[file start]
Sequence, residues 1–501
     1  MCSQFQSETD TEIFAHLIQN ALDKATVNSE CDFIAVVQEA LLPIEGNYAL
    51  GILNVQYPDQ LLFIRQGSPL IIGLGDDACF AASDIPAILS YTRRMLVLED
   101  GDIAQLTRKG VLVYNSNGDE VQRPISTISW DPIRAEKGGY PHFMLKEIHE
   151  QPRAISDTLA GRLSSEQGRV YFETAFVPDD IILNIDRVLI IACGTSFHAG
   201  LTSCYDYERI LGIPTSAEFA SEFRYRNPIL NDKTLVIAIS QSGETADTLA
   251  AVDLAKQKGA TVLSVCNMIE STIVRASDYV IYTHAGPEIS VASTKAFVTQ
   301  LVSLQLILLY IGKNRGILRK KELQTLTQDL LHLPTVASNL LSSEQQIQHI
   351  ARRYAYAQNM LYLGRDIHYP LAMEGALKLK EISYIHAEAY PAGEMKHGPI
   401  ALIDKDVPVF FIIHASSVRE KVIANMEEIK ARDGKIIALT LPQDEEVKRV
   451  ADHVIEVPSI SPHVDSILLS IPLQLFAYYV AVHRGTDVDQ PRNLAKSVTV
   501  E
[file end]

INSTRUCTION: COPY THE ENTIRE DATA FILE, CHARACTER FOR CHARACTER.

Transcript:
Sequence, residues 1–501
     1  MCSQFQSETD TEIFAHLIQN ALDKATVNSE CDFIAVVQEA LLPIEGNYAL
    51  GILNVQYPDQ LLFIRQGSPL IIGLGDDACF AASDIPAILS YTRRMLVLED
   101  GDIAQLTRKG VLVYNSNGDE VQRPISTISW DPIRAEKGGY PHFMLKEIHE
   151  QPRAISDTLA GRLSSEQGRV YFETAFVPDD IILNIDRVLI IACGTSFHAG
   201  LTSCYDYERI LGIPTSAEFA SEFRYRNPIL NDKTLVIAIS QSGETADTLA
   251  AVDLAKQKGA TVLSVCNMIE STIVRASDYV IYTHAGPEIS VASTKAFVTQ
   301  LVSLQLILLY IGKNRGILRK KELQTLTQDL LHLPTVASNL LSSEQQIQHI
   351  ARRYAYAQNM LYLGRDIHYP LAMEGALKLK EISYIHAEAY PAGEMKHGPI
   401  ALIDKDVPVF FIIHASSVRE KVIANMEEIK ARDGKIIALT LPQDEEVKRV
   451  ADHVIEVPSI SPHVDSILLS IPLQLFAYYV AVHRGTDVDQ PRNLAKSVTV
   501  E